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Artificial Intelligence: An Artificial Alarm for National Security?

The views expressed are those of the author and do not necessarily reflect the views of ASPA as an organization.

By William Clements
April 1, 2019

There is little discussion to be had when addressing the impact of artificial intelligence (AI) on the world today. In the words of Russian President, Vladimir Putin, “Whoever becomes the leader in this field will rule the world.” This is true in regard to the role of artificial intelligence in transportation, such as semi-autonomous vehicles. This is also true of service industries which currently use computer algorithms and software to perform job functions that would have been previously performed by human beings. To put the interest garnered in AI technologies in context, in 2016, United States tech companies invested a whopping $20-30 billion in development. Of importance are the predictions that the transition to AI has the potential to enliven inert objects, much like electricity did more than a century ago. This possibility undeniably presents its share of possibilities, but it also comes with its share of obstacles and hazards as well.

According to a 2018 report by Brookings, artificial intelligence is transforming every walk of life. As with all things, the Law of Correspondence is applicable to AI. The Law of Correspondence is represented by the saying, “Within, so without, as above, so below.” The impacts of artificial intelligence on the United States economy, culture and national defense are worth examining.  National Security as a term is no longer applied only to military personnel and law enforcement service members. Now, more than ever, national security applies to waste water treatment specialists, public utility workers, technology firms, hospital administrators and many more professions. Has artificial intelligence created a vulnerable American society or have we responded to AI with an artificial (human) intelligence?

The 2016 elections marked arguably one of the most vulnerable times of national solidarity in the 21st century. To date, the American public does not speak in one voice regarding the possibility of foreign involvement, specifically in regards to voter fraud and its impact during the 2016 election. A current misconception is that outside actors are the major threat to the nation, but in reality, social media platforms, “fake news,” and election fraud are threats that exist within the nation. The impacts of these occurrences on national cohesion are areas of concern for public administrators. For example, if there was conclusive evidence of Russian involvement in the 2016 United States election, what would be the appropriate response? If a foreign government were able to manipulate the electric grid of a major United States city, what would be an appropriate response from our government? Would it be an armed response or further manipulation of algorithms? The truth is that the previous examples are plausible and worth serious attention.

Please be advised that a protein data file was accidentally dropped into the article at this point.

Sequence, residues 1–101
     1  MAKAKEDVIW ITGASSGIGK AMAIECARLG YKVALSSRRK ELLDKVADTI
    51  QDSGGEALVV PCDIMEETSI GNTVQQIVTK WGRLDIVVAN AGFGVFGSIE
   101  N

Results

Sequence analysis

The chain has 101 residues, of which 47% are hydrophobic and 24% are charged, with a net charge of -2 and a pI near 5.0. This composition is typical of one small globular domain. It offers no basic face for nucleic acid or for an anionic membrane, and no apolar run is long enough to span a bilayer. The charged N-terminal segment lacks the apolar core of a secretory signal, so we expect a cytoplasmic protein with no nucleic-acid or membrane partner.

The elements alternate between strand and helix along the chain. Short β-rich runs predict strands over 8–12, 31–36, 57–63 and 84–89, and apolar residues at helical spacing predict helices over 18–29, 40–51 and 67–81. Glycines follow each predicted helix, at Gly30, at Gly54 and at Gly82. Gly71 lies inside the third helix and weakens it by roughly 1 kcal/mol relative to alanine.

For many criminal justice and homeland security administrators, a major concern is the ethical use of artificial intelligence in aiding and assisting in the job duties of agents. America has witnessed a militarization of its police force and with this occurrence, alarming figures are beginning to take shape.  As an example of such a figure, the Department of Defense is currently developing AI for a range of military functions. The AI in development are designed to cover areas of analysis, logistics, cyber operations and information operation. Much like the AI’s human counterparts, AI is also susceptible to manipulation. Law enforcement has also had to adapt to the changes in technology and crimes committed in various technological forms. New frontiers of law enforcement such as fraud, identity theft, privacy protection and many others are garnering the attention of law enforcement. Police functions such as surveillance, communication interception, child pornography and international crime are areas that require the criminal justice field to adjust and keep pace with the various domestic and international criminals who also pose a serious threat to national security. AI will definitely become a useful tool in the future, but it will also become useful to America’s enemies. If the saying is true that an enemy of my enemy is a friend then we have arrived at a paradox; a paradox that may not be fully understood by human intelligence.

Author: Dr. William Clements, Ph.D., is a Professor of Criminal Justice and Psychology at higher education institutions. He possesses a Bachelor of Science Degree in Justice Studies, a Master of Science Degree in Forensic Psychology, and his doctoral degree is in Public Policy and Administration. He has served in the field of public service for a total of 11 plus years and is a well-read enthusiast for topics of economics, politics, homeland security, and most of all, public policy. Email: [email protected]

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